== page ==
It might be a little hard to see in the screenshot below because of the reduced size, but I’m enlarging a 1-megapixel image 1172% so it can be printed at 40x60 @ 300ppi! The side-by-side preview in Blow Up’s interface (of just a tiny section of the original image) shows me that the rough pixelation of the lo-res source is being smoothed out considerably, with an almost vector-like quality:

Screenshot of the Alien Skin Photo Bundle showing the results of image reinterpolation and smoothing

Here are a couple of closer before-and-after views of this process in action, from the same image at the same extreme settings:

Before and after results of image reinterpolation and smoothing using the Alien Skin Photo Bundle 1
Before and after results of image reinterpolation and smoothing using the Alien Skin Photo Bundle 2

I mentioned reptile skin and other exotic and unusual textures earlier. Let’s explore Alien Skin’s Eye Candy 7, the plug-in for which the company has long been known. In the screenshot below I opened a random image, knowing it would be entirely replaced by the texture (or you can start with a blank image).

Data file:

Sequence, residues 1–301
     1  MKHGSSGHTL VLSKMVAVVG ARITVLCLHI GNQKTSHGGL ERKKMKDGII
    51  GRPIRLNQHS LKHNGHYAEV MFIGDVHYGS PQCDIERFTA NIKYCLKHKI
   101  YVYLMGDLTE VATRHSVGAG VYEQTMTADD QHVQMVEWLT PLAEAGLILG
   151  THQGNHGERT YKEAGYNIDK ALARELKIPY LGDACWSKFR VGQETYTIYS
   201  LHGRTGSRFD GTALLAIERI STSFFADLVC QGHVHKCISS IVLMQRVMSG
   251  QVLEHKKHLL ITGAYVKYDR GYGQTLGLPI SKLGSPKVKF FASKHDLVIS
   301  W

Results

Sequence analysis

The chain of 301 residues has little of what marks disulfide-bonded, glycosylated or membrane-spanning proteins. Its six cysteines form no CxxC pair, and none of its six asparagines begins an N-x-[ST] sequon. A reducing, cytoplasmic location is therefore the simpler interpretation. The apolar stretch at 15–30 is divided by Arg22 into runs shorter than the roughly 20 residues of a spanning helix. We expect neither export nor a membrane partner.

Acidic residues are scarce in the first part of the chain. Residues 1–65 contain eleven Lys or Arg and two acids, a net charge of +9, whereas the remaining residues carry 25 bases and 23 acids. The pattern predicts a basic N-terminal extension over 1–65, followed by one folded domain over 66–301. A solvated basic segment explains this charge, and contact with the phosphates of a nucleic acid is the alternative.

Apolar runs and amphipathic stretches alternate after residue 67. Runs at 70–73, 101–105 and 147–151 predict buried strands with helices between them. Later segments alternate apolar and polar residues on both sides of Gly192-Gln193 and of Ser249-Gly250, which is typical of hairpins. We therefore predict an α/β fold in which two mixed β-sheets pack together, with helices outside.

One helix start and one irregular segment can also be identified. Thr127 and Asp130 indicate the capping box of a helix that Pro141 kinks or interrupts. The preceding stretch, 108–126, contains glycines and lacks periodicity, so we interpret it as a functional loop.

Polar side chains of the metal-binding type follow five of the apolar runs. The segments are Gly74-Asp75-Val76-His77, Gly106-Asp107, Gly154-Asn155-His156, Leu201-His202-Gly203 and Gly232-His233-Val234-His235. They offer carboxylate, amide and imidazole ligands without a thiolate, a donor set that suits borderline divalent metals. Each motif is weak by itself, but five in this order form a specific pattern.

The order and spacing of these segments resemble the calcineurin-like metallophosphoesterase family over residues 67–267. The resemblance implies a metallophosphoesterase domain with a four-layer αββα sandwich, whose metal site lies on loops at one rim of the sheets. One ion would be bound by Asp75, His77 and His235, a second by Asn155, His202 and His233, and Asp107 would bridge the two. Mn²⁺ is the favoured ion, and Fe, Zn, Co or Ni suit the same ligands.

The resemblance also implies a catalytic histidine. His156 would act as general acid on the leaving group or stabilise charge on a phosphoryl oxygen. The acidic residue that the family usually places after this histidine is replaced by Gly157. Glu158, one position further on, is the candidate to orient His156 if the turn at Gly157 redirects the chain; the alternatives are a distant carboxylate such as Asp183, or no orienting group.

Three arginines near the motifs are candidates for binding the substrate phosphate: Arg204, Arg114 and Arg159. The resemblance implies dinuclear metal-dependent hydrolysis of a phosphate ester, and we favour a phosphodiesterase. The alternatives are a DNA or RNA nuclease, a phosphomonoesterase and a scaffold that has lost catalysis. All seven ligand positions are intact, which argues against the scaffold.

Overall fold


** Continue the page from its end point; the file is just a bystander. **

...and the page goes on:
Note the Shape and Texture preset choices (with Reptile Skin>Actual Reptiles>Iguana already chosen). Shapes are mainly for adding elements via selections to a photo in which you wish to preserve but enhance the original subject matter, while Textures replace the image entirely (or can be applied to a selection).

Screenshot of the Alien Skin Photo Bundle showing the results of a lizard skin preset applied to a blank image

So what does it look like when you apply multiple Eye Candy effects to a single image? Things can get weird really fast! The original image (before cropping and skewing as needed) is at left, and the final Eye Candy version is obviously at right (you can’t fail to recognize it, there is nothing else like this).

Original lamp and office building image before treatment with the Alien Skin Photo Bundle
Lamp and office building image after treatment with fire, cloud, lightning and smoke effects using the Alien Skin Photo Bundle

Text effects are incredibly also easy to do (type something, rasterize it, click some Eye Candy presets). Repeat on duplicate layers to add effects. So is creating a scene entirely out of Eye Candy effects, as shown at right.

Plugs 'N Pixels logo treated with effects from the Alien Skin Photo Bundle
Text treated with various effects from the Alien Skin Photo Bundle
A representation of bad weather created with various effects in the Alien Skin Photo Bundle

As you can see, the Alien Skin Photo Bundle along with Eye Candy can produce some fantastic effects and image enhancements. Have fun using it!